Thursday, October 11, 2012

Frog & Flower

Yesterday morning, Mili phoned me:  "Are you at home?"


"I have something to show you.  I'll be there in a minute."

Within seconds, she was at the door.

"I was preparing the anthus," she said, holding out the huge yellow courgette blossom which she had been getting ready to stuff with a mix of rice, tomato, and herbs.  "And look what was inside!  Usually I find an ant or two and shake them out, but this seemed a little heavy..."

I released him in the rain-spashed vegetable patch and he hopped away with a mellow croak.

Also submitted to The Gallery.  Please follow the link and see what others posted on the theme of 'Yellow'.


This week's Gallery theme is 'Yellow', so I flicked back through some Lightroom archives and found some pictures from the swimming classes that Zenon and Leo took with Sue at the International School pool a few years back.  I loved the way that the afternoon light picked out colours in the floats and the pool and asked Sue if I could take pictures.  She was thrilled, and I think used them for her website.  Unfortunately politics, as usual, intervened and the school made it difficult for Sue, a foreigner, to continue working from their facilities.

To see how other participants handled the prompt, please follow the link to the Gallery.

Sunday, October 7, 2012

Friend From Long Ago and Far Away

Several times for different reasons over the last few years I have trembled on the cusp of departing Facebook forever. One thing always stays my hand: it is a wonderful means of finding old friends and then keeping in touch.

Last week, thanks in part to Facebook, a classmate from the Canberra Church of England Girls Grammar School -- whom I hadn't seen for nearly four decades -- stopped by for a visit: Carolyn L and her friend Sharon M were doing a tour of the Middle East and Southern Europe with their teenage sons Chris and Sam, and they stayed in Paphos in for three wonderful days.

Photo thanks to Carolyn
I recognised Caz as soon as she got off the airport bus in Limassol. Of course I had seen FB pictures, but she looked pretty much like a larger, older version of the schoolgirl I had played with so long ago. After introductions all around, we piled into my little Toyota and drove back, via the Donkey Stable, to the villa that I had rented for them from BB's cousin in the village. We yabbered nineteen to the dozen all the way back – mostly about their recent stay in Oman, but sprinkled with many a reminiscence. All four travellers were pretty knackered from an early start and a long flight, but after a swim in the villa's pool and a rest they came over in the evening for a meal and to meet my crew – which was sadly lacking Sophia (at school, of course) and Best Beloved (who had gone to visit her for the weekend).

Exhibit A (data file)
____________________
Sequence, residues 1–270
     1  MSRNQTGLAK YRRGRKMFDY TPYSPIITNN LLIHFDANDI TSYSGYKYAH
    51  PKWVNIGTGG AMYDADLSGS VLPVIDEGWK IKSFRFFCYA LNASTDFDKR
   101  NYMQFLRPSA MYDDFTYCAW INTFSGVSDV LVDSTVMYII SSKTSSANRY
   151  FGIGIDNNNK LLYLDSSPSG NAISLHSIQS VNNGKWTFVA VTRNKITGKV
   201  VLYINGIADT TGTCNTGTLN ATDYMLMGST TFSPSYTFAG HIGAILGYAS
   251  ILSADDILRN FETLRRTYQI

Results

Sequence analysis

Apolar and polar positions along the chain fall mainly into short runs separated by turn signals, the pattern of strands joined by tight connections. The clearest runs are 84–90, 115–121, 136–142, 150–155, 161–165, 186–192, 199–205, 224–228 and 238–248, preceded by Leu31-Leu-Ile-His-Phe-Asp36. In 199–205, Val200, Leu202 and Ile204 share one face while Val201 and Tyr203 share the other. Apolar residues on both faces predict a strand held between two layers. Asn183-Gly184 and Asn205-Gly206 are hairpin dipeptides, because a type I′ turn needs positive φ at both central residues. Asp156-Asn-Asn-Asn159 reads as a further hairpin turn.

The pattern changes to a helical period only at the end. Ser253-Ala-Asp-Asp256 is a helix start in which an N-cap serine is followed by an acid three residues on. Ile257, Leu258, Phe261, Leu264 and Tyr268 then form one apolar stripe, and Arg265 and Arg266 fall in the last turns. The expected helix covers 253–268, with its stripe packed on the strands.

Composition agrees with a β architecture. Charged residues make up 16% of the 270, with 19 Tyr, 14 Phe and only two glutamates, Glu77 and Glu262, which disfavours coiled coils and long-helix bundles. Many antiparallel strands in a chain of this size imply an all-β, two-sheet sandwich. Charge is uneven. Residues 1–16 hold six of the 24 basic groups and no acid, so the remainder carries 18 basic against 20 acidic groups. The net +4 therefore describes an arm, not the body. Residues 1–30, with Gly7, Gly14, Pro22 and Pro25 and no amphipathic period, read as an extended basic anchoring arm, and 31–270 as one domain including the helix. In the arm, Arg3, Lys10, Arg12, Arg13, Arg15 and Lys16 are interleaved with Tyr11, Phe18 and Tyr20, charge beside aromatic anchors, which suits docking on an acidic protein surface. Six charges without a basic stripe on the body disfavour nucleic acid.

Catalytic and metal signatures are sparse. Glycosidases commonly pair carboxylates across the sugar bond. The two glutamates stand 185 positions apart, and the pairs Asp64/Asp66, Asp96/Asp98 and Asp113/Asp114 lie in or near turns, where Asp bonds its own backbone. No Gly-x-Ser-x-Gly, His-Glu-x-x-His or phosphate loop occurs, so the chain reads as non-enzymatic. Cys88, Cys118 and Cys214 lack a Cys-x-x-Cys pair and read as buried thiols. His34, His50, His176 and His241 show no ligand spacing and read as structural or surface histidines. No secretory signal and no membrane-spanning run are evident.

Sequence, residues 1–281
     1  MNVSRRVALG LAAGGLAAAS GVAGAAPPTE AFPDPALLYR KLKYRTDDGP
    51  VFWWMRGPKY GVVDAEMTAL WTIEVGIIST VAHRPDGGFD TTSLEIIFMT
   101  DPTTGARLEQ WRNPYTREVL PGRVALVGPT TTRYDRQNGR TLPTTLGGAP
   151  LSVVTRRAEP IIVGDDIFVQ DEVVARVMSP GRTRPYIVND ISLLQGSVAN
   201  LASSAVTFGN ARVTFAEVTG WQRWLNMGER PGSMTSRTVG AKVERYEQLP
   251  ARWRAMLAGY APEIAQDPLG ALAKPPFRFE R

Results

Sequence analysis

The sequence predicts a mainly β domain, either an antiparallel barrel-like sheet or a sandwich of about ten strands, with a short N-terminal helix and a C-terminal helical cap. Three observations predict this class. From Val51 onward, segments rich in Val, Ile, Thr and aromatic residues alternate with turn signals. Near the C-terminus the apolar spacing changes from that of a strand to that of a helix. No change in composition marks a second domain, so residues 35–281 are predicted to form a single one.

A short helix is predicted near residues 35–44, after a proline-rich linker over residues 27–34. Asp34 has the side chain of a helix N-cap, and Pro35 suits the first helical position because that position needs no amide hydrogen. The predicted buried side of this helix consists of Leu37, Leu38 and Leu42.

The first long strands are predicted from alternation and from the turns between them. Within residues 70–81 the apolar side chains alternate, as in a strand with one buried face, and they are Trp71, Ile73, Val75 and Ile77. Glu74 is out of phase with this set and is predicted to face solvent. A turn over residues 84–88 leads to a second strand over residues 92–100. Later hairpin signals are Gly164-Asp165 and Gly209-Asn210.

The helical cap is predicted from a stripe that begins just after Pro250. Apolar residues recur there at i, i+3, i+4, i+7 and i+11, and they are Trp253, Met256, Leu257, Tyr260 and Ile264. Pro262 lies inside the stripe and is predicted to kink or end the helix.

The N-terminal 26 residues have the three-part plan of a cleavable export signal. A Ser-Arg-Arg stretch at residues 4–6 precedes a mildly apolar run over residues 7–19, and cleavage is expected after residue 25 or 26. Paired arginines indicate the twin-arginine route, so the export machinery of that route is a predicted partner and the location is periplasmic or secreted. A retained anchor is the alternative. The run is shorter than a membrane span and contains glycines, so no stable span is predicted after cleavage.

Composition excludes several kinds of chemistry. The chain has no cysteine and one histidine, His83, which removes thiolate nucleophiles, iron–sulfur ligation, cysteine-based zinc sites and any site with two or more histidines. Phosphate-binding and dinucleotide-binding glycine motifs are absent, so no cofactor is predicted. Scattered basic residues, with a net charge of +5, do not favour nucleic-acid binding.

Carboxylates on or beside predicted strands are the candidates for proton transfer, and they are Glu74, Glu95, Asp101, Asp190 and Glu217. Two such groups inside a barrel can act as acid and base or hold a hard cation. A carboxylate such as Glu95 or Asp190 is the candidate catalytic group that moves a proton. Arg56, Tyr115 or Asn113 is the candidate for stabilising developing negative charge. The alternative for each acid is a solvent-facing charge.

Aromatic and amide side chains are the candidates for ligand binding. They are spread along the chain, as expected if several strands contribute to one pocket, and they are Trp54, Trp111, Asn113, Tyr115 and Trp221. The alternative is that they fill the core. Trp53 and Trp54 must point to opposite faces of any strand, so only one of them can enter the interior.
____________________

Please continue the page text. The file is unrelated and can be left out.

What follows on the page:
They spent the next few days exploring this end of the island -- up into the mountains and the coast to Polis, not missing out on Paphos Zoo, to where Caz had sent several parrots a few years back. I  couldn't join them for those trips, but we had two evenings to catch up on the last thirty-seven years. The boys took themselves to the far end of the veranda for ping-pong or out to the fields for whatever boys to in the Great Outdoors. Sam and Chris fit right in with my three despite – or maybe because of – the age difference, while Caz and I rebuilt our long-sundered friendship and I got to know Sharon.

On Sunday I was free and they had until three o'clock when the bus left for Nicosia, so we spent a few hours exploring the Tombs of the Kings before heading to Gavrilis Taverna in Kouklia for lunch.

Without Facebook, without the re-connection that I had initiated two or three years ago when I sent the first tentative message “Are you the Carolyn L that I went to CCEGGS with in the early '70s?”, and that reforging of bonds and rediscovery of what made us friends so long ago, she and Sharon would have made their plans and travelled their route, maybe wonderful nonetheless, but missing the extra dimension of catching up on an old friendship.  Perhaps we would have even crossed paths on the road to or from the town, unknowing...

I wish that they had had a few days longer – that we could have caught up more on deeper family news and what had gone on in our own lives over the last 37 years. I wish I could have got to know Sharon a little better – we seemed to have a lot in common. But three days was our ration this time around, so I drove them to the bus and saw them off to the Big Smoke where city lights and traffic noise would replace the quiet of the Diarizos Valley with its lazy chameleons and emerald green tree frogs.